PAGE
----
MILE 22 (18)
MILE 22 (18) ★★★★★ THE bromance of director Peter Berg and muscular leading man Mark Wahlberg has been going strong since 2013, when the two men ventured into war-torn Afghanistan for the explosive true story of Lone Survivor. Two further tales of gung-ho, real-life heroism – Deepwater Horizon and Patriots Day – followed.
Mile 22 cranks up the on-screen violence, cramming as many slam-bang thrills as possible into 94 adrenaline-fuelled minutes.
Wahlberg plays James Silva (pictured), leader of a team of black ops soldiers code-named Overwatch, who undertake secret missions for the US government under the command of handler James Bishop (John Malkovich) aka Mother.
The squad tracks a stolen shipment of highly toxic caesium, which can be weaponised to kill thousands, to a Russian safe house on American soil. “You’re making a mistake,” an injured 18-year-old suspect snarls at Silva.
“I’ve made a lot of them,” coldly replies the US agent before he clinically dispenses a bullet into the teenager’s head.
Sixteen months later in Indocarr City, police officer Li Noor (Iko Uwais) arrives unannounced at the US embassy, claiming to know the location of the caesium. He promises to share this intelligence as soon as he is safely on a plane to America.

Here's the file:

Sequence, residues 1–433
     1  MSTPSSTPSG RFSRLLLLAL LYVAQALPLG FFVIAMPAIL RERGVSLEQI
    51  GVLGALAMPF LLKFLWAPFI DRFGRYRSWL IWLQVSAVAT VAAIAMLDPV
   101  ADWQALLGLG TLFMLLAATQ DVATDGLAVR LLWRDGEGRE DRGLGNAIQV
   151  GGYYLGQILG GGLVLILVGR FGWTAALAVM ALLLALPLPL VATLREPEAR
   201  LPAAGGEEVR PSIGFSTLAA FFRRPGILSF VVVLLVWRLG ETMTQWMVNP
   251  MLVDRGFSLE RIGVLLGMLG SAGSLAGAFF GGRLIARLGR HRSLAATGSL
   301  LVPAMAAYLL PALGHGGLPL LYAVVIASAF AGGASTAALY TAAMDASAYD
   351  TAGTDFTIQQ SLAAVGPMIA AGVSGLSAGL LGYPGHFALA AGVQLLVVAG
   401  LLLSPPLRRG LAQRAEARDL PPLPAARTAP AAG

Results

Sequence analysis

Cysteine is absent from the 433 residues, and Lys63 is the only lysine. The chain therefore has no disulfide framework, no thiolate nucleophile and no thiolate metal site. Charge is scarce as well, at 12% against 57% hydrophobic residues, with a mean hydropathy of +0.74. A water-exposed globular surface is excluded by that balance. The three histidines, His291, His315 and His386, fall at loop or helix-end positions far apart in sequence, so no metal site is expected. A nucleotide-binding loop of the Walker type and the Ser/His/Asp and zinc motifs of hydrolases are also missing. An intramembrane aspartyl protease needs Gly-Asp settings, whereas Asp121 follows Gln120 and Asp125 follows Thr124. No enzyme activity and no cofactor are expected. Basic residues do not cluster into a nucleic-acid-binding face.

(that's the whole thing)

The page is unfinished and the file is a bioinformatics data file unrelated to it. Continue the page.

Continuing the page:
Silva assembles his team to escort Li Noor the 22 miles from the US embassy to the airfield. Within a minute, Overwatch comes under attack from gun-toting motorcyclists and the fight for survival begins.
THE LITTLE STRANGER (12A)
★★★★★ SPECTRES of the past lash out with horrifying consequences in The Little Stranger, an ambiguous thriller of simmering desires set inside a crumbling mansion in the aftermath of the Second World War.
Dr Faraday (Domhnall Gleeson, pictured) is summoned to Hundreds Hall, which is owned by physically and mentally scarred soldier Roderick Ayres (Will Poulter), who exhibits symptoms of post-traumatic stress disorder. Roderick lives in the property with downtrodden sister Caroline (Ruth Wilson), imperious mother Angela (Charlotte Rampling) and a housemaid, Betty (Liv Hill).
The veteran is convinced that a dark force in the house means him harm.
Faraday becomes a regular visitor to the house and a dutiful companion to spinster Caroline.
During a dinner party, a young guest is mauled by the family’s normally placid labrador. Soon after, Faraday discovers scrawls on a wall purportedly left by Angela’s dead daughter Susan (Tipper SeifertCleveland). As Angela’s mental state unravels, Faraday steps in to oversee her treatment, clashing with Caroline about the best course of action.
Adapted from Sarah Waters’ gothic novel, A Little Stranger is an impressive exercise in mood and inference, which holds us in a steely grip for almost two hours.